If you don't have a cupholder, you can buy aftermarket cupholders that you can stick in-between the seats, or on the floor, etc.
posted by radioamy at 5:57 PM on April 18, 2010

Nth a connection to hook up your iPod or other music source, painlessly. I don't mean 'plug the whosis into the top, then wrap the cable around this knob, and gently ease the whole bitch into the cupholder', I mean 'dock and use the conveniently placed remote so you don't wreck when skipping that song you only secretly love'. For me in my beater VW it was an adapter to get an aux-in to the headunit, and a hacked-up Belkin TuneDok to place the iPod itself right next to the steering wheel. I firmly believe cassette tape adapters are evil.
posted by a halcyon day at 6:17 PM on April 18, 2010

Do much night driving? A new windshield will make an unbelievable difference and only costs about a hundred bucks installed.
posted by buggzzee23 at 7:54 PM on April 18, 2010

My car strategy is the same as your car strategy. I divide improvements into two categories: Transferable Improvements and Substantial Improvements. The Substantial Improvements are hard to commit to ['cause (a) It's a beater, and (b) They're usually thought of as deferrable maintenance], but the two I've found that can make a car seem almost-new-like are:

(1) Improve the tires -- this can seriously improve the ride. [Road noise can go way down, and of course safety and handling improve]

(2) Replace the windshield. Almost no one does this until they're forced to, but after ~15 years, the windshield is usually scarred up from many millions of high-velocity sand impacts, so your windshield is producing a lot of visual noise. It's almost euphoric how much easier and pleasant driving is when you can see clearly..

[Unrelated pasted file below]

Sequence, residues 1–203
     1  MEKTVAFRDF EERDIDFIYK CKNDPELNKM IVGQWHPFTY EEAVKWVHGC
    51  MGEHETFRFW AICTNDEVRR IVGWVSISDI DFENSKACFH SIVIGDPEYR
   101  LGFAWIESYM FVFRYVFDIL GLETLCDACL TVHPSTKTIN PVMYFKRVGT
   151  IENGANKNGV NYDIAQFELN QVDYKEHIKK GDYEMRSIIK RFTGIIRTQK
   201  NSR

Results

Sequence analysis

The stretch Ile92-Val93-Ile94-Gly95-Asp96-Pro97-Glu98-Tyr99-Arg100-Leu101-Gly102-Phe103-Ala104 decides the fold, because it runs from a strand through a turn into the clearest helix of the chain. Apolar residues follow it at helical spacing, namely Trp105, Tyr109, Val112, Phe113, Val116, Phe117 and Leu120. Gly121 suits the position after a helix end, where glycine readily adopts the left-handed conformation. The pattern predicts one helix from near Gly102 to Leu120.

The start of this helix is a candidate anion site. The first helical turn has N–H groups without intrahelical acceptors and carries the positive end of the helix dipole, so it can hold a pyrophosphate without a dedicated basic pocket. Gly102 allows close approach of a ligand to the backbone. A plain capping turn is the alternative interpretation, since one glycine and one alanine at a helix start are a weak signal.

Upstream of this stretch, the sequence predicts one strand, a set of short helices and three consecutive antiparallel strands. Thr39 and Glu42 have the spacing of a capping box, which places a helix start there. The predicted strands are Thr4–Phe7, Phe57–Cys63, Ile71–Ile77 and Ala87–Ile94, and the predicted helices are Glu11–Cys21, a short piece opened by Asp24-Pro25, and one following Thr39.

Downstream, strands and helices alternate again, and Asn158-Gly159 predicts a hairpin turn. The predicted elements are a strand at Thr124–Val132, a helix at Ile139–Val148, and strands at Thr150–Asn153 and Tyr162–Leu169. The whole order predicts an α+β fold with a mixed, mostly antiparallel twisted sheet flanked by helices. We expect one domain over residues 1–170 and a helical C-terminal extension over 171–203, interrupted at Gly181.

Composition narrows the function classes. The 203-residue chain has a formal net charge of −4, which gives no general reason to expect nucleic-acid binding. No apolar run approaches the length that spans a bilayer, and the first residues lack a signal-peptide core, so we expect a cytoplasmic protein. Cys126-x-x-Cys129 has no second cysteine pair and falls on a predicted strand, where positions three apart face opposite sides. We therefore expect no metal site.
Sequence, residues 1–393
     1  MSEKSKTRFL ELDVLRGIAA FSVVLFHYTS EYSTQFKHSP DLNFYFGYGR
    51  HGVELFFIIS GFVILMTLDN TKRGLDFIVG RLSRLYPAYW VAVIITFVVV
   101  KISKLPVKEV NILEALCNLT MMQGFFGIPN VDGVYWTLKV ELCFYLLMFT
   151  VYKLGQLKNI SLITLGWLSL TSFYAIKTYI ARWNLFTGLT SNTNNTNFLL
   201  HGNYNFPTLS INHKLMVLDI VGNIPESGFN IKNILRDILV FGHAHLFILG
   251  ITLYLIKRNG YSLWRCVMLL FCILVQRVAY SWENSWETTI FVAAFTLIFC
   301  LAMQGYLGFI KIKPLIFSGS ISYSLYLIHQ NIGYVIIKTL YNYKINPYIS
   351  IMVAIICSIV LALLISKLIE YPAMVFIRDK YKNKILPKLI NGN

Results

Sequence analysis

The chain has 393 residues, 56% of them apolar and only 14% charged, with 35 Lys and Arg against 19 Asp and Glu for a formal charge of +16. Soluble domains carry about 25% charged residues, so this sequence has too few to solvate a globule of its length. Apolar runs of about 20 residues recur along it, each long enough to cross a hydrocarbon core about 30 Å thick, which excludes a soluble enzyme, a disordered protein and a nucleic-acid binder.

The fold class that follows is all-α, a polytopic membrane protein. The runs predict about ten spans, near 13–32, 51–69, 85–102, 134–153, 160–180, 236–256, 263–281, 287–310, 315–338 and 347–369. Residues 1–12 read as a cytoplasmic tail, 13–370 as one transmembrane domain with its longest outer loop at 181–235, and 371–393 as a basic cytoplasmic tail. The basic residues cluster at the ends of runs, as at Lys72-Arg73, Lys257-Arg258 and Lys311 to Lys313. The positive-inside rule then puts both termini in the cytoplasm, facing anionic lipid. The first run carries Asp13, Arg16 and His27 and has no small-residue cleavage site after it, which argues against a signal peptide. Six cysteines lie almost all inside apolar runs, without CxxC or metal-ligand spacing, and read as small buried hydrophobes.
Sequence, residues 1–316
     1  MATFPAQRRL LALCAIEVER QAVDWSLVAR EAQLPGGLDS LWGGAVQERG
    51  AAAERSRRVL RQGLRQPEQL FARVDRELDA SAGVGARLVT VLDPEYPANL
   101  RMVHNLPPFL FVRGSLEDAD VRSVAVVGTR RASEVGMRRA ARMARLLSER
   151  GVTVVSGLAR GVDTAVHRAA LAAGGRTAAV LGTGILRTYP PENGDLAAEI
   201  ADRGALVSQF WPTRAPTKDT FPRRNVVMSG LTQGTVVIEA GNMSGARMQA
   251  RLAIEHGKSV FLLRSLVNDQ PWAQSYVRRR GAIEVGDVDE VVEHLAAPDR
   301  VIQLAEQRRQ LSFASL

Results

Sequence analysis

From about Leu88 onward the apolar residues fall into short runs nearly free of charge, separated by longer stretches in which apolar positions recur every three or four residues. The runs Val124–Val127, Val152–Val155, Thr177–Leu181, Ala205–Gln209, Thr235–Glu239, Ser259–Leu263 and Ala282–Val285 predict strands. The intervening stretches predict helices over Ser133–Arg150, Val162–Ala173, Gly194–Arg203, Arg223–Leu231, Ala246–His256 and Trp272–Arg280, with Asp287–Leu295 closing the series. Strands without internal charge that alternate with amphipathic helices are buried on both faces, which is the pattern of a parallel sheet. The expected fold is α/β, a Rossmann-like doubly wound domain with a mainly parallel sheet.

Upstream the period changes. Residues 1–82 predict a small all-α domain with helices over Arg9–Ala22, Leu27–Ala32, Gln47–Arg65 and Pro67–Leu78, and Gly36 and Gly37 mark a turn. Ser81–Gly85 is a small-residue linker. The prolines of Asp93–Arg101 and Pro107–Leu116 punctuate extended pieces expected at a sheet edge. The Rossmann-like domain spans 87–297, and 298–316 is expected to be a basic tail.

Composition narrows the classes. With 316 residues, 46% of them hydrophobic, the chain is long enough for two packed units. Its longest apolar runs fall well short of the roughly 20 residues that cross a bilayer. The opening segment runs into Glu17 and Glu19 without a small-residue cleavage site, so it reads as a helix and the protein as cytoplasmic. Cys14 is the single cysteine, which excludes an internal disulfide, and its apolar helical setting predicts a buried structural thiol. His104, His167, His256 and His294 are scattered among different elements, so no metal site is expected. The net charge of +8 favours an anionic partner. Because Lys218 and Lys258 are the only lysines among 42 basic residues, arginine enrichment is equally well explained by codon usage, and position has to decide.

I know these sound boring ('cause they are), but every time I'm made these improvements.. Wow. (but boy does it suck if the car craps out on you a month later)
posted by Tuesday After Lunch at 8:10 PM on April 18, 2010 [1 favorite]

iPod + a stereo with an 1/8" aux in or some sort of wiring kit (or FM broadcaster, like the Griffin iTrip) to play your music, podcasts, audio books, language lessons, and the like. Effectively turns your commute into a trip to the library or an excuse to rock out, depending upon your mood.
posted by wheat at 8:58 PM on April 18, 2010

I happened to get a set of shiny wheels second-hand from a good friend, and I was amazed at how much better my beater looked after replacing the black-painted-steel-with-missing-wheel-covers. If you can spare an extra $300 or so the next time you change your tires, go for a new set of wheels. It makes a huge difference in the appearance. When this beater fails, you might be able to move the wheels to the next one, too. Go cheap on wheels, but don't go cheap on the tires. Better tires and lighter wheels will improve your handling significantly and mileage a little bit.

Get a touch-up pen and cover up any bare spots or rust immediately. There's beater and there's beat, and in my experience rust makes a big step from one to the other.

Everyone else said an aux input for the stereo, which I totally agree with. If you do much highway driving, consider getting a CB. I don't talk much on mine, but just listening to the truckers provides endless entertainment. If you have to buy new, the radios are available for under $50, and nice magnetic mount antenna (Wilson Little Wil) shouldn't be more than $30. Keep an eye out at thrift stores and garage sales, though.

Under the hood, a K&N or similar high-performance air filter will theoretically improve your mileage by 1-2mpg. Consider a short-ram intake or a full CAI kit, which can give you a little more oomph down the on-ramp. Replacing the intake is usually a pretty simple bolt-on. You probably won't be able to squeeze much more performance out of the engine without costly parts and time-consuming tuning. Get a small notebook and a pencil and keep them in the glove box, so you can keep track of oil changes, belt replacements, etc.

Have your suspension checked by a reputable professional. If something is worn out, an inexpensive replacement can go a long way to a nicer ride.

Upgrade the headlights. Replace the windshield wipers with nicer ones. Use Rain-X on your windshield-- It's a pain to apply, but it really works.
posted by leapfrog at 9:58 AM on April 19, 2010